Call monitoring is one of many listening posts used to gather voice of the customer and voice of the business (see Figure 1). Collecting the appropriate data through the agent evaluation process will help identify strengths and opportunities for improvement. Having an effective quality monitoring process in place is equally as important. The information collected must be analyzed and reported to various levels of management. The appropriate scorecards and metrics must be in place to effectively drive actions and accountability throughout the organization. Below are examples of metrics used within a contact center:

  • Quality objectives;
  • Call quality (evaluation score);
  • First call resolution;
  • Errors and rework (accuracy — data entry);
  • Efficiency objectives;
  • Adherence to schedule;
  • Cost performance;
  • Cost per call;
  • Strategic impact;
  • Customer satisfaction scores;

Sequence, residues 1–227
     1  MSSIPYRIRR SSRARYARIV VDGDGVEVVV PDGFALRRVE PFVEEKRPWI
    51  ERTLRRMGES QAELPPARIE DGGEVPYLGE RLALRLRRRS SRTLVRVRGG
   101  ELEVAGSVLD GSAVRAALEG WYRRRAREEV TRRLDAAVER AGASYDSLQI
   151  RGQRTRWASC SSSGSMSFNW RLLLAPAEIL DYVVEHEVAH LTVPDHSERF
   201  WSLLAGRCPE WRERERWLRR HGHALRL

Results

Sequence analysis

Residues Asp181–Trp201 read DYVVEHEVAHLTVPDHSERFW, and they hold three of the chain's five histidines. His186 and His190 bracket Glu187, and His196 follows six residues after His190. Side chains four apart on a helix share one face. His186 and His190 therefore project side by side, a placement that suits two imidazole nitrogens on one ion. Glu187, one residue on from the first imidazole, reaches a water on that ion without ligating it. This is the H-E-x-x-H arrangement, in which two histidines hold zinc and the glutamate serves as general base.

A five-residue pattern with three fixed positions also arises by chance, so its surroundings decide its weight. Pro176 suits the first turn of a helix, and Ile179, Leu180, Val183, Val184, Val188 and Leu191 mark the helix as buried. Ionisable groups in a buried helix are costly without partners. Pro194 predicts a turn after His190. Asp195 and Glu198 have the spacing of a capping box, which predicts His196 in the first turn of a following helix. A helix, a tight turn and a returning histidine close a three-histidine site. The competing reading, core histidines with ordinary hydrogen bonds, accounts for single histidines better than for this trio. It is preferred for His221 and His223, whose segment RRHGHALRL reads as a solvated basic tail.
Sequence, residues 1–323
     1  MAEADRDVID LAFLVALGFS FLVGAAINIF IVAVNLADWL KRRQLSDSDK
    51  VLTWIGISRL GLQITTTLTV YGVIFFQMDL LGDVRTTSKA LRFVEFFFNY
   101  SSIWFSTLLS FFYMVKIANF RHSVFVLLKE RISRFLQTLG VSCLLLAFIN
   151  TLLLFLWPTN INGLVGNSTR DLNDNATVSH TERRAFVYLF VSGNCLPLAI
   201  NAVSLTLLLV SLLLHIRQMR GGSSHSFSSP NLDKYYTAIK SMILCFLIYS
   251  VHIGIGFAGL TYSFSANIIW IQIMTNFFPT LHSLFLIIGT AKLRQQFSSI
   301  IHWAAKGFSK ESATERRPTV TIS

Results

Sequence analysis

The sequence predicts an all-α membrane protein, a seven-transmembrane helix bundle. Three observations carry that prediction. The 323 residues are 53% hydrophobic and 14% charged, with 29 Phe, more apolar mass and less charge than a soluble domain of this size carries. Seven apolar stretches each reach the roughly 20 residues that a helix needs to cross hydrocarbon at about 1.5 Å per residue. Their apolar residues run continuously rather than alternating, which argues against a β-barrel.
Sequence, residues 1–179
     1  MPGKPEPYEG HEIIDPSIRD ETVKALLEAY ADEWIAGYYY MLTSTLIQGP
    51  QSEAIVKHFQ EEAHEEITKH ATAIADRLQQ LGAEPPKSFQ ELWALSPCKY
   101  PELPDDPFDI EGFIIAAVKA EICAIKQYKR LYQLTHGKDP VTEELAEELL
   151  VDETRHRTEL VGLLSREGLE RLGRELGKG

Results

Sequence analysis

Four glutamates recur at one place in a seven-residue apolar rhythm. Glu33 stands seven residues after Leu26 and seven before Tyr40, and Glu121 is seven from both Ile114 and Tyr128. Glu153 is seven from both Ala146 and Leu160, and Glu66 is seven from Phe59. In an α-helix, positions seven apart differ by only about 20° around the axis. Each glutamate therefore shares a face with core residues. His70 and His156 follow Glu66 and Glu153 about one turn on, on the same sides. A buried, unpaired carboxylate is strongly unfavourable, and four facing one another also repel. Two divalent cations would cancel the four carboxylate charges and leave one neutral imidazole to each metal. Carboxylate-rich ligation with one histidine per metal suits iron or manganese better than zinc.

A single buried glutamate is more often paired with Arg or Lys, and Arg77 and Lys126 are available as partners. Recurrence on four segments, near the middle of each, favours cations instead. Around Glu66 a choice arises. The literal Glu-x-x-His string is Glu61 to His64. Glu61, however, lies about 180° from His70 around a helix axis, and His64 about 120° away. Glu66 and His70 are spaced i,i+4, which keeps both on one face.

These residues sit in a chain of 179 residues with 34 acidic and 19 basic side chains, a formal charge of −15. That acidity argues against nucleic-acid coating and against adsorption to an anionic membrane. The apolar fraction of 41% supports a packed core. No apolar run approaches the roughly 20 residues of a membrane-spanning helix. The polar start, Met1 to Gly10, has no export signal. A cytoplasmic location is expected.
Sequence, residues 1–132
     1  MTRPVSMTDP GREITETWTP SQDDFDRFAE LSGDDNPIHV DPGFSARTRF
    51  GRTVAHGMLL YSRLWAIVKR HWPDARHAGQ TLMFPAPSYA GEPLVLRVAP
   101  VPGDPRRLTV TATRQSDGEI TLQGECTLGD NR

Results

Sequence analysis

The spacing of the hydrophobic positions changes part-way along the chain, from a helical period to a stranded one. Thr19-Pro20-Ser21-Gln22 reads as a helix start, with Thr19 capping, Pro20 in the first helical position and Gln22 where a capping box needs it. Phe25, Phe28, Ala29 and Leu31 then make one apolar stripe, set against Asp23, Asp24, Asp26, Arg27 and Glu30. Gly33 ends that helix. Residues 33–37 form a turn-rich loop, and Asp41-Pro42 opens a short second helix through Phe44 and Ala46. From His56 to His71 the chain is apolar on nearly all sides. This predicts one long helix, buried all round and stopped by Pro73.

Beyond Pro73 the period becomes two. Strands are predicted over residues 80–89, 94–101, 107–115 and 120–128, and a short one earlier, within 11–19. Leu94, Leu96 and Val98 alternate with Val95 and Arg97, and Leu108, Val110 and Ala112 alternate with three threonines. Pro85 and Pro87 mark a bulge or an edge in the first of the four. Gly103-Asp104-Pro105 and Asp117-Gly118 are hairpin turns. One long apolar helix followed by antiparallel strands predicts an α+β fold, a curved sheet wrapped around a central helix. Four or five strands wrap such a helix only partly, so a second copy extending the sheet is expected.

• Customer feedback;
  • Employee satisfaction;
  • Turnover;
  • Percent quality monitored;
  • Percent call back;
  • Percent sales conversion;
  • Average interviews per hire; and
  • Percent first call resolution.

Once an organization has defined and collected the appropriate data, this business intelligence can be used to identify process improvement projects that will ultimately be used to develop a project pipeline (see Figure 3). These projects are prioritized, and resources are allocated.

It is important to mention that Six Sigma is a tool to help measure the improvements we make to business processes. Everyone in the company is responsible for quality, not just the quality department. The old adage, “Rome was not built in a day,” applies to implementing Six Sigma within your organization. It takes time, patience and fortitude to see the results of your labor. Equally important is the element of change. Communicating change is a part of implementing Six Sigma. Remember: People need time to “un-change” their behaviors before changing to the new ways.

As director of consulting services for etalk Corporation (www.etalk.com), Roger Lee oversees services that assist etalk customers in maximizing their contact center investments by optimizing their solutions and services to meet their needs. He has more than 15 years’ combined experience in finance, call center operations, information management systems, restaurant operations, payroll services and quality.

[ Return To The February 2005 Table Of Contents ]